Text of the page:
New England Journal of Medicine – November 3, 2016 Vol. 375 No. 18

New England Journal of Medicine
November 3, 2016 Vol. 375 No. 18
http://www.nejm.org/toc/nejm/medical-journal

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Original Article
Benefits and Risks of Antiretroviral Therapy for Perinatal HIV Prevention
Mary G. Fowler, M.D., M.P.H., Min Qin, Ph.D., Susan A. Fiscus, Ph.D., Judith S. Currier, M.D., Patricia M. Flynn, M.D., Tsungai Chipato, M.B., Ch.B., M.C.E., James McIntyre, F.R.C.O.G., Devasena Gnanashanmugam, M.D., George K. Siberry, M.D., M.P.H., Anne S. Coletti, M.S., Taha E. Taha, M.D., Ph.D., Karin L. Klingman, M.D., Francis E. Martinson, M.B., Ch.B., Ph.D., Maxensia Owor, M.B., Ch.B., M.P.H., Avy Violari, M.D., Dhayendre Moodley, Ph.D., Gerhard B. Theron, M.D., Ramesh Bhosale, M.D., Raziya Bobat, M.B., Ch.B., M.D., Benjamin H. Chi, M.D., Renate Strehlau, M.B., Ch.B., Pendo Mlay, M.D., Amy J. Loftis, B.S., Renee Browning, R.N., M.S.N., Terence Fenton, Ed.D., Lynette Purdue, Pharm.D., Michael Basar, B.A., David E. Shapiro, Ph.D., and Lynne M. Mofenson, M.D., for the IMPAACT 1077BF/1077FF PROMISE Study Team*
N Engl J Med 2016; 375:1726-1737 November 3, 2016 DOI: 10.1056/NEJMoa1511691
Abstract
Background
Randomized-trial data on the risks and benefits of antiretroviral therapy (ART) as compared with zidovudine and single-dose nevirapine to prevent transmission of the human immunodeficiency virus (HIV) in HIV-infected pregnant women with high CD4 counts are lacking.
Full Text of Background…
Methods
We randomly assigned HIV-infected women at 14 or more weeks of gestation with CD4 counts of at least 350 cells per cubic millimeter to zidovudine and single-dose nevirapine plus a 1-to-2-week postpartum “tail” of tenofovir and emtricitabine (zidovudine alone); zidovudine, lamivudine, and lopinavir–ritonavir (zidovudine-based ART); or tenofovir, emtricitabine, and lopinavir–ritonavir (tenofovir-based ART). The primary outcomes were HIV transmission at 1 week of age in the infant and maternal and infant safety.
Full Text of Methods…
Results
The median CD4 count was 530 cells per cubic millimeter among 3490 primarily black African HIV-infected women enrolled at a median of 26 weeks of gestation (interquartile range, 21 to 30). The rate of transmission was significantly lower with ART than with zidovudine alone (0.5% in the combined ART groups vs. 1.8%; difference, −1.3 percentage points; repeated confidence interval, −2.1 to −0.4). However, the rate of maternal grade 2 to 4 adverse events was significantly higher with zidovudine-based ART than with zidovudine alone (21.1% vs. 17.3%, P=0.008), and the rate of grade 2 to 4 abnormal blood chemical values was higher with tenofovir-based ART than with zidovudine alone (2.9% vs. 0.8%, P=0.03). Adverse events did not differ significantly between the ART groups (P>0.99). A birth weight of less than 2500 g was more frequent with zidovudine-based ART than with zidovudine alone (23.0% vs. 12.0%, P<0.001) and was more frequent with tenofovir-based ART than with zidovudine alone (16.9% vs. 8.9%, P=0.004); preterm delivery before 37 weeks was more frequent with zidovudine-based ART than with zidovudine alone (20.5% vs. 13.1%, P<0.001). Tenofovir-based ART was associated with higher rates than zidovudine-based ART of very preterm delivery before 34 weeks (6.0% vs. 2.6%, P=0.04) and early infant death (4.4% vs. 0.6%, P=0.001), but there were no significant differences between tenofovir-based ART and zidovudine alone (P=0.10 and P=0.43). The rate of HIV-free survival was highest among infants whose mothers received zidovudine-based ART.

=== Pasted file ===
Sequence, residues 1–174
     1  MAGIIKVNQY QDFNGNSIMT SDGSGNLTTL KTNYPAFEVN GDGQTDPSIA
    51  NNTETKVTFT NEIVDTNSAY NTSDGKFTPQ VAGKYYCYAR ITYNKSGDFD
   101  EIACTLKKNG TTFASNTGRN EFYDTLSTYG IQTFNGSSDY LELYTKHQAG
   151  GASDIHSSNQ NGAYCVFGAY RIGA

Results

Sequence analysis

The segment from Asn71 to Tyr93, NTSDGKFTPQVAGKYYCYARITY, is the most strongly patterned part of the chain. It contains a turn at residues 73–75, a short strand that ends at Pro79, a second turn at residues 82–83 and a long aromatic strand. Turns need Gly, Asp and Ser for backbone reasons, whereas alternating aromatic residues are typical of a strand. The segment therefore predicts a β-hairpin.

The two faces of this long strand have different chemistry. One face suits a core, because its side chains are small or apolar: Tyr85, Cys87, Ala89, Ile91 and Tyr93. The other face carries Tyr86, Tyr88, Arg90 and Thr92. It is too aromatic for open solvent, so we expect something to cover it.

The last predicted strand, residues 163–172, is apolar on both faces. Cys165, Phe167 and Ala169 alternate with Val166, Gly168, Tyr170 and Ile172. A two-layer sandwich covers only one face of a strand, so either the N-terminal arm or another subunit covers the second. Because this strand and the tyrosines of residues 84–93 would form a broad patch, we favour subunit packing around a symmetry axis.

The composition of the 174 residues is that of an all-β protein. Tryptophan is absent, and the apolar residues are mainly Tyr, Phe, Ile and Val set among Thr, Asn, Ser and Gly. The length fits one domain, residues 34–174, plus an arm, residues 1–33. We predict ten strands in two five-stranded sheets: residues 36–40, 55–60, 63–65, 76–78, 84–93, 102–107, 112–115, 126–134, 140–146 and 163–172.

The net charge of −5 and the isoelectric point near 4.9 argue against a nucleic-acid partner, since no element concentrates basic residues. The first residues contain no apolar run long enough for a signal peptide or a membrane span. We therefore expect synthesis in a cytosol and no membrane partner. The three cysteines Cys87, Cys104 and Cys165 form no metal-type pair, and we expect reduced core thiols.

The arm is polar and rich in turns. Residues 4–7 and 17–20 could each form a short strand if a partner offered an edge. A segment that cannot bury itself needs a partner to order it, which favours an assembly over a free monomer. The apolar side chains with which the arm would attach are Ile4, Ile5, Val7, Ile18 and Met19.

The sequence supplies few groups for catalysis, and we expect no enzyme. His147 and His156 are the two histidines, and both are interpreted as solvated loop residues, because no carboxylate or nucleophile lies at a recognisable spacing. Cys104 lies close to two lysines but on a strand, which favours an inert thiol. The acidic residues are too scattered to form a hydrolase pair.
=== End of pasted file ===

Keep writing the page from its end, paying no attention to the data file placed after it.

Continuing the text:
Full Text of Results…
Conclusions
Antenatal ART resulted in significantly lower rates of early HIV transmission than zidovudine alone but a higher risk of adverse maternal and neonatal outcomes. (Funded by the National Institutes of Health; PROMISE ClinicalTrials.gov numbers, NCT01061151 and NCT01253538.)

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Editorial
First-in-Human Clinical Trials — What We Can Learn from Tragic Failures
Sergio Bonini, M.D., and Guido Rasi, M.D.
N Engl J Med 2016; 375:1788-1789 November 3, 2016 DOI: 10.1056/NEJMe1609006
This article has no abstract; the first 100 words appear below.
On January 10, 2016, a healthy volunteer who had received 50 mg per day of a fatty acid amide hydrolase (FAAH) inhibitor for 5 days as part of a first-in-human phase 1 clinical trial was admitted to Rennes University Hospital with neurologic and gait disturbances. After a dramatic worsening of neurologic symptoms, the participant died on January 17. Another 5 participants who received the same drug dose for 6 days were subsequently admitted to the hospital, 4 of them with similar neurologic symptoms. In this issue of the Journal, Kerbrat et al.1 report the clinical and imaging findings of the…